Since 2000, the the cost of health insurance and health care has increased significantly. So has the number of bankruptcies.
Did one cause the other?
Aparna Mathur, a research fellow at the American Enterprise Institute, says no. The Survey of Consumer Finances "shows that medical indebtedness has not changed significantly over the past decade or so."
So what changed? Credit-card debt, which went from $4,800 to $7,300 per household. Another factor is that it's often beneficial, given the alternatives, to declare bankruptcy. At most, 29% of bankruptcies are caused by medical bills, and even that's likely an overstatement.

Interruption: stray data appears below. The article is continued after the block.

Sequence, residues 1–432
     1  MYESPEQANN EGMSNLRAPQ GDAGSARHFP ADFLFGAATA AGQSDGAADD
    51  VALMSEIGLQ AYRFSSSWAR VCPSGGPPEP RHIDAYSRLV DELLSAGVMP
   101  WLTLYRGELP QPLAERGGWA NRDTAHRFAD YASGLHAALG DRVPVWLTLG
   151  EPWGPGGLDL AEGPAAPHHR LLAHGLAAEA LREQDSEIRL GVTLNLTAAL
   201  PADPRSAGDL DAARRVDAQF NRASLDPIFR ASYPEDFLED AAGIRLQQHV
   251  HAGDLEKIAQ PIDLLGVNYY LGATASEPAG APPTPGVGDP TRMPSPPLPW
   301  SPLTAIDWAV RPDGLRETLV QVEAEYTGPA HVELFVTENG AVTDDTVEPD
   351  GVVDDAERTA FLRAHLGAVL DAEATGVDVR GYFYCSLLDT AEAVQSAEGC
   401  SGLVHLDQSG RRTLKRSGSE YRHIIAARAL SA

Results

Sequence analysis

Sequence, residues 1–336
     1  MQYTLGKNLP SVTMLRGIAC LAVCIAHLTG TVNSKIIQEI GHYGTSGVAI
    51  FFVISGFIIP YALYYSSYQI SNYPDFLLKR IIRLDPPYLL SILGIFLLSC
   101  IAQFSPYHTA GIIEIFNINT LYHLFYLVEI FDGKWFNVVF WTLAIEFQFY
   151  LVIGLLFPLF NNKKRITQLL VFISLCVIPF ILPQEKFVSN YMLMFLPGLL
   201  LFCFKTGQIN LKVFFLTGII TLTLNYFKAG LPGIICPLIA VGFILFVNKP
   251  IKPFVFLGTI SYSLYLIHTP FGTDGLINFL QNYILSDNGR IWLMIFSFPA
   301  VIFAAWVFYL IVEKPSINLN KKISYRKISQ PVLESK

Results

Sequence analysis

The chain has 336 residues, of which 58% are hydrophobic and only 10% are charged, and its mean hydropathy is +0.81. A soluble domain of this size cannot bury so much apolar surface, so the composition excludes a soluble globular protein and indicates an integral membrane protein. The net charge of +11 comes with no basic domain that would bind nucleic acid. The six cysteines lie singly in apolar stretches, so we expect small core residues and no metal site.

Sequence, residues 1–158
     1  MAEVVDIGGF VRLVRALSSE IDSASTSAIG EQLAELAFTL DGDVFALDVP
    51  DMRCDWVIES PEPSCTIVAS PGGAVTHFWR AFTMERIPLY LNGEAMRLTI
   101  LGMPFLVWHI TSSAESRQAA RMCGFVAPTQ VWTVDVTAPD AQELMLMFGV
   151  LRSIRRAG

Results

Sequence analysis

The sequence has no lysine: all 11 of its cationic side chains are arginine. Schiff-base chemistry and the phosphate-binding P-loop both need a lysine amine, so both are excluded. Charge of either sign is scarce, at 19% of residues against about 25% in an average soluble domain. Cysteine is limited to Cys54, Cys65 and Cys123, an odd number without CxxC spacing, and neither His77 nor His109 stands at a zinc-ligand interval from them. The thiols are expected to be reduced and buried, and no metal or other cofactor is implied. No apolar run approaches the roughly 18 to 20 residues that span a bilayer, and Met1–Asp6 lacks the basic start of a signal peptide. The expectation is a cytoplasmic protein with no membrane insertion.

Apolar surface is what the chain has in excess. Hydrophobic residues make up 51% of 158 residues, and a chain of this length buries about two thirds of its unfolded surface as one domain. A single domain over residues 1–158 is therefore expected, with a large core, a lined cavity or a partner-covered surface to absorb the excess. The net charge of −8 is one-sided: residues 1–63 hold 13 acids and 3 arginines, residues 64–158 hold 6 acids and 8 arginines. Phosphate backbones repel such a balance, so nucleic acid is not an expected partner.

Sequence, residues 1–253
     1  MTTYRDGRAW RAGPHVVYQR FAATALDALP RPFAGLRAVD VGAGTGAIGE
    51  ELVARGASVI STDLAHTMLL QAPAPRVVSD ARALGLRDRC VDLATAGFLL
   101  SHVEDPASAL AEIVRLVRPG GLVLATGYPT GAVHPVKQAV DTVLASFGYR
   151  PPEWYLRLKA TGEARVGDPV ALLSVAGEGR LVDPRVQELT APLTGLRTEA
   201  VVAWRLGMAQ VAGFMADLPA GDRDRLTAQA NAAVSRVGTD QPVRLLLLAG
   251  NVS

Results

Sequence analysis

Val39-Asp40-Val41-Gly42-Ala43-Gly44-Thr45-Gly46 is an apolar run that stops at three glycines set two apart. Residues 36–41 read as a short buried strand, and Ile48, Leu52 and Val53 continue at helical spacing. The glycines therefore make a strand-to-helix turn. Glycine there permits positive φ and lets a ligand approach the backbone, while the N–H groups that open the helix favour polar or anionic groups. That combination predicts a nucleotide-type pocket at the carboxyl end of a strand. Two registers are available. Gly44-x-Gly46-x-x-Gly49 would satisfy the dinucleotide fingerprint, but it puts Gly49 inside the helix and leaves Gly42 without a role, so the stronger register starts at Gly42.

Mathur concludes, "The most effective solution to the problem of rising bankruptcies in these tough economic times is to help families keep their jobs, retain their earning power, stay in their homes, and live within their means. If economic problems nevertheless become unmanageable, the bankruptcy system is designed precisely to give families a fresh start by discharging some of their debt. If we mistakenly focus too narrowly and simply on medical indebtedness, believing it to be a bigger problem than it is, we will be even further away from the solution we need. "